As I understand it, this book was originally a stand-alone but then Priest was contracted to write two independent sequels. Not surprisingly, it works as a stand-alone. It’s the April book in the Women of Fantasy book club.

Publication year: 2005
Page count: 285
Format: ebook
Publisher: Tor

Eden Moore is an orphan. Her mother died in childbirth and she never knew her father. Her mother’s sister Lulu took her in and is raising her. However, Lulu doesn’t talk about the past which is frustrating to Eden. You see, Eden can see ghosts. She sees the ghosts of three women who claim to be her ancestors. But the only thing Eden knows about them is that they were murdered. She doesn’t see them all the time, just when things are stressful or dangerous. However, the three women also protect her. When Eden is eight years old, a crazy gunman comes after her and the ghosts warn about him.

However, when Eden grows older, she wants to know more about her family and past.

The book starts when Eden is very young and in a couple of chapters we follow her into adulthood where the main story takes place.

This is a very atmospheric book about the US South. Eden and Lulu are mixed race women which brings difficulties. I found some people around them unforgivably rude for asking about their race but apparently that’s how some people behave. This has made them both strong women who don’t take crap from anyone. That is good because Eden encounters some hair raising things in the story and her extended family aren’t pleasant people, either. Eden is feisty and sharp tongued; she likes or dislikes people quickly.

The characters feel life-like to me, except perhaps the main villain. Eden’s aunt wants to leave her painful past behind her and so doesn’t talk about it. Lulu and her mother are estranged for fifteen years because they can’t talk to each other. Eden’s grandaunt is white and doesn’t even want to acknowledge her mix raced relatives. The grandaunt is apparently mean to everyone around her. The gunman Malachi thinks that he has a mission from God and kills people for Him. Sadly, all of these people are very plausible.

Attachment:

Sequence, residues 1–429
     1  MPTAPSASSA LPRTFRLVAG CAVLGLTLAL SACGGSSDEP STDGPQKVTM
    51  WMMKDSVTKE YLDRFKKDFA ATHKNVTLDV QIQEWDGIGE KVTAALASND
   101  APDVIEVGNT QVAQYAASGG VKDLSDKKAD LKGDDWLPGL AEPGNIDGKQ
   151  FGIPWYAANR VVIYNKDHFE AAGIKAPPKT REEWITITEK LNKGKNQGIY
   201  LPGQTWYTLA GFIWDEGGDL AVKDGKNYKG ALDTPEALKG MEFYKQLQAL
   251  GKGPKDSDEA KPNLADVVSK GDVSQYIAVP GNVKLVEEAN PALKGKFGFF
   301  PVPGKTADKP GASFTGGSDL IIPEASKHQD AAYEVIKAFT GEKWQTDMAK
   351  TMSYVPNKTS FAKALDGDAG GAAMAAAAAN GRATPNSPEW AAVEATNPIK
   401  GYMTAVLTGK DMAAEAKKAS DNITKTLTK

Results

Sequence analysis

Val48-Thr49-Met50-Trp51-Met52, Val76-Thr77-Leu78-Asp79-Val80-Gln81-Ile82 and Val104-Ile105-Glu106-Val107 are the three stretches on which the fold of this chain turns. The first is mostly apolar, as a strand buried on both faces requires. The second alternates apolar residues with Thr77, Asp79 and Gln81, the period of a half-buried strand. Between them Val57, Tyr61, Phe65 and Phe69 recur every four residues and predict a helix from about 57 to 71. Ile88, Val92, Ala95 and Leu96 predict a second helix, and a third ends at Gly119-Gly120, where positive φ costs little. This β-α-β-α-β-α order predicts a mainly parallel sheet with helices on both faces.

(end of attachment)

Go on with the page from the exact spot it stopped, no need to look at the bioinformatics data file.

The horror aspects of the book are probably mild for horror fans but I’m not a horror reader. For me, they were enough as a spice in the book. There wasn’t much gore which was good because I dislike it.

One episode felt a bit disconnected to me: when Eden is 13 she’s sent to a summer camp where she meets another girl who can see ghosts. Then, this girl is never seen again. It establishes that other people can see ghosts, too, but otherwise it was pretty pointless although horrific. The added horror was, of course, that the girls are children and the adults wouldn’t have believed them if the girls had told them about the ghost. However, even at such a young age, they have already learned not talk about it.

The main villain feels a bit cartoon-like to me but he fits well into the atmosphere of the book and the sense of history that surrounds most of the latter half of the book.

It’s a short book and the story is a quick read, especially after the half-way point when the plot picks up. The start of the book is mostly setting up the characters and the atmosphere. I felt that the first half of the book also had more horror elements although maybe they just stood out more to me at the start.

I’ve been intrigued by Priest’s steampunk books and after this one I’m likely to try them when my TBR pile gets smaller.

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